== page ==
General: Some abuse at Abu Ghraib amounted to torture
CNN | August 25 2004
WASHINGTON (CNN) -- The general who compiled the latest report on the abuse of Iraqi prisoners by U.S. military personnel at Iraq's Abu Ghraib prison said Wednesday that some of the 44 instances of abuse uncovered in the investigation amounted to torture.
"There were some instances where torture was being used," Maj. Gen. George Fay said in a news conference about the report, which the Pentagon released Wednesday.
The report found that 23 U.S. military intelligence personnel and four contractors working with them could be associated with the abuses, a military official said.
Gen. Paul Kern, the appointing authority for the investigation, said six other military intelligence personnel and two contractors saw the abuses happening but did not report them.
The 23 military personnel in the report will be referred to military authorities for possible charges. One of those named in the report is Col. Thomas Pappas, commander of the 205th Military Intelligence Brigade.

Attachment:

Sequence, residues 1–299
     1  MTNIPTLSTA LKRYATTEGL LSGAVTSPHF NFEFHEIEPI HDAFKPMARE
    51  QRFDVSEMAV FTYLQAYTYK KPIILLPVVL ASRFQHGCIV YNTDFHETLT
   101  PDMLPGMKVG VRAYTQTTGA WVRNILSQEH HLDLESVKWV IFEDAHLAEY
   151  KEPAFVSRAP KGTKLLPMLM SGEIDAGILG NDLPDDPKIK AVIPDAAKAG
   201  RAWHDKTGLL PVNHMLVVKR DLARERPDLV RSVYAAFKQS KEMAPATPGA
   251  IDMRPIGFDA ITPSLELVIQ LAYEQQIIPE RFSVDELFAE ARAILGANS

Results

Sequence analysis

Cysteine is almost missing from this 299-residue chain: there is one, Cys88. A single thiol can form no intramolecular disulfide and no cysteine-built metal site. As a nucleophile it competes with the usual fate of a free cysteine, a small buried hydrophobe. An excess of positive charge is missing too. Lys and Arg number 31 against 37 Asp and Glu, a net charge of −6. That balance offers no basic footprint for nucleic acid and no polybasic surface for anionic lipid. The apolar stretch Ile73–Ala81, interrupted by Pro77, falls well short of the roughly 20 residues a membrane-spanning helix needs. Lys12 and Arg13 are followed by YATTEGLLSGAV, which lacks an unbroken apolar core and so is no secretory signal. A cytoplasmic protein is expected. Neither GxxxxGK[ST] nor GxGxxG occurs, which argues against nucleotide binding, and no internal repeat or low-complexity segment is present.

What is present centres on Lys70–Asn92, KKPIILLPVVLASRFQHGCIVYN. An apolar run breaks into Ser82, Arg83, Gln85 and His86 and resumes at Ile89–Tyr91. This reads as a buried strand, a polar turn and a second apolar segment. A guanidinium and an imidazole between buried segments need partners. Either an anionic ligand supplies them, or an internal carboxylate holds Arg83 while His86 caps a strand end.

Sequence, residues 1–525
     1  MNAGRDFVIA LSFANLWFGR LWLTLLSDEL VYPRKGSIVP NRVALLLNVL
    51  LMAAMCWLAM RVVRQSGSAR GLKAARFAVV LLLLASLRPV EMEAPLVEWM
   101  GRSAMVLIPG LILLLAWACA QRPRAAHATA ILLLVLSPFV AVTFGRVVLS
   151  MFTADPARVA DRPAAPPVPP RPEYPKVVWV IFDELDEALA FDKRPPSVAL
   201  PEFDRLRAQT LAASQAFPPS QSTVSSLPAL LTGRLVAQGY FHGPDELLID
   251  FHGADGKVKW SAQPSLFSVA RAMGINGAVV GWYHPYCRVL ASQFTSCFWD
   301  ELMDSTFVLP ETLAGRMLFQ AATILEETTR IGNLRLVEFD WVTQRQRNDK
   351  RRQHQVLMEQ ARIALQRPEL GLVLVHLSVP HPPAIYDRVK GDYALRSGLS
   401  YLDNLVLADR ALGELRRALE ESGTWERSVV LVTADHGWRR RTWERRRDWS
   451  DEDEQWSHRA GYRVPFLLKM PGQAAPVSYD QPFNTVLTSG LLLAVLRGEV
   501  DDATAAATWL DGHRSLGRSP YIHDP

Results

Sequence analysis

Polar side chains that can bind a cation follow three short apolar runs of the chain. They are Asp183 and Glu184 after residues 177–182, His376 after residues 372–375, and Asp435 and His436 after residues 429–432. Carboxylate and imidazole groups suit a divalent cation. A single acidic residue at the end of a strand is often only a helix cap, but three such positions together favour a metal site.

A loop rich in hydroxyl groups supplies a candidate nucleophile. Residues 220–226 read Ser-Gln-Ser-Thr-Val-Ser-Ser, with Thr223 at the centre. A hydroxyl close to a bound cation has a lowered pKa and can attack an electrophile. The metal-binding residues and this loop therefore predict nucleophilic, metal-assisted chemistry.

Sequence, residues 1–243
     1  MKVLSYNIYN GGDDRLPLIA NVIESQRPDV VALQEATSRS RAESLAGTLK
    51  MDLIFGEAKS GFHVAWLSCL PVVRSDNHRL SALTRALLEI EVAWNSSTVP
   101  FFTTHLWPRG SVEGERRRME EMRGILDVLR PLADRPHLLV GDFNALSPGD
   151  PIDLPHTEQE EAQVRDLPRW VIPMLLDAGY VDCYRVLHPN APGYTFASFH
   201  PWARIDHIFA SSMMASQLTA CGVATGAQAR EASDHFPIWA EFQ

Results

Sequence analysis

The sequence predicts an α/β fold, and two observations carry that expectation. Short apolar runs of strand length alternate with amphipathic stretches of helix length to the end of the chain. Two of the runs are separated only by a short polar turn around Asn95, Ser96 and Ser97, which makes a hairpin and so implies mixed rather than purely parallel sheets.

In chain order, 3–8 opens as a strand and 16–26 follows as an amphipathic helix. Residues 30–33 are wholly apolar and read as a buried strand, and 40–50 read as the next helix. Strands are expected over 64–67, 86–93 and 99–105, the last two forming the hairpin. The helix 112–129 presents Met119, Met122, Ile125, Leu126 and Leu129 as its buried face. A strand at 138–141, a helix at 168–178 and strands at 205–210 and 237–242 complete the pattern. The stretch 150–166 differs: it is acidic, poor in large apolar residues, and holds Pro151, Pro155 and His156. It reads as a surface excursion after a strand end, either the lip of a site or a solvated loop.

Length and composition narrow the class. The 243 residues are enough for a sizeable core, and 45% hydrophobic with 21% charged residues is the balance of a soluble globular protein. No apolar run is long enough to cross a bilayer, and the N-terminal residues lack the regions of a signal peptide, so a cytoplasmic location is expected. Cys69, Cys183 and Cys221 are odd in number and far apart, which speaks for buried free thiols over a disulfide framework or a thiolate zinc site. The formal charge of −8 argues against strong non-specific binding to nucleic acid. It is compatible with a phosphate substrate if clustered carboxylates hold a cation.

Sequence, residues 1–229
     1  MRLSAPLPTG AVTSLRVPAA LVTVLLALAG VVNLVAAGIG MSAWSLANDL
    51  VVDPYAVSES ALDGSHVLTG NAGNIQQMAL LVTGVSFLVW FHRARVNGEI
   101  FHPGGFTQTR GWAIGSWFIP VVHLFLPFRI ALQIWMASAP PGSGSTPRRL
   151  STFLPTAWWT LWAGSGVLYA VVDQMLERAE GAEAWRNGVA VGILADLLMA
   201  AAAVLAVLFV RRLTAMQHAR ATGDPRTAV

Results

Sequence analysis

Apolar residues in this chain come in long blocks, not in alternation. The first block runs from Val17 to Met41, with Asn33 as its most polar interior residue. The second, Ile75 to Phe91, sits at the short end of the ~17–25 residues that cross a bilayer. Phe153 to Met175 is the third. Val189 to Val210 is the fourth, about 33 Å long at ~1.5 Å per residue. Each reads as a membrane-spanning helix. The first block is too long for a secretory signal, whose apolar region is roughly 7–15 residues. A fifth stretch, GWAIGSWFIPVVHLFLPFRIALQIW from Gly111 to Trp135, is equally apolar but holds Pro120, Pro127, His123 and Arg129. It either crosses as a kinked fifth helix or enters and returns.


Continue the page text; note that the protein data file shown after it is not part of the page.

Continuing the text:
Fay said Pappas was not directly involved in the abuse but that he is being referred for failures in leadership.
Kern said the contractors would be referred to the Justice Department for possible charges.
He said the investigation also found that at least eight "ghost" detainees were kept at Abu Ghraib. They were not registered on official logs and were allegedly moved around the facility and hidden from representatives of the International Committee of the Red Cross.
Kern said the CIA has been asked to investigate some of the report's findings, and Fay said the CIA had promised to conduct an investigation into the matter.
The report detailed 44 incidents of abuse, ranging from unlawful stress positions to using dogs in the course of interrogations.
The report also criticized Lt. Gen. Ricardo Sanchez, commander of U.S. forces in Iraq when the abuse took place.
"We did not find Sanchez culpable, but we did find him responsible for the things that happened," Kern said.
He said Sanchez put great emphasis on getting intelligence from prisoners in an effort to stop those who were conducting attacks on U.S.-led coalition forces.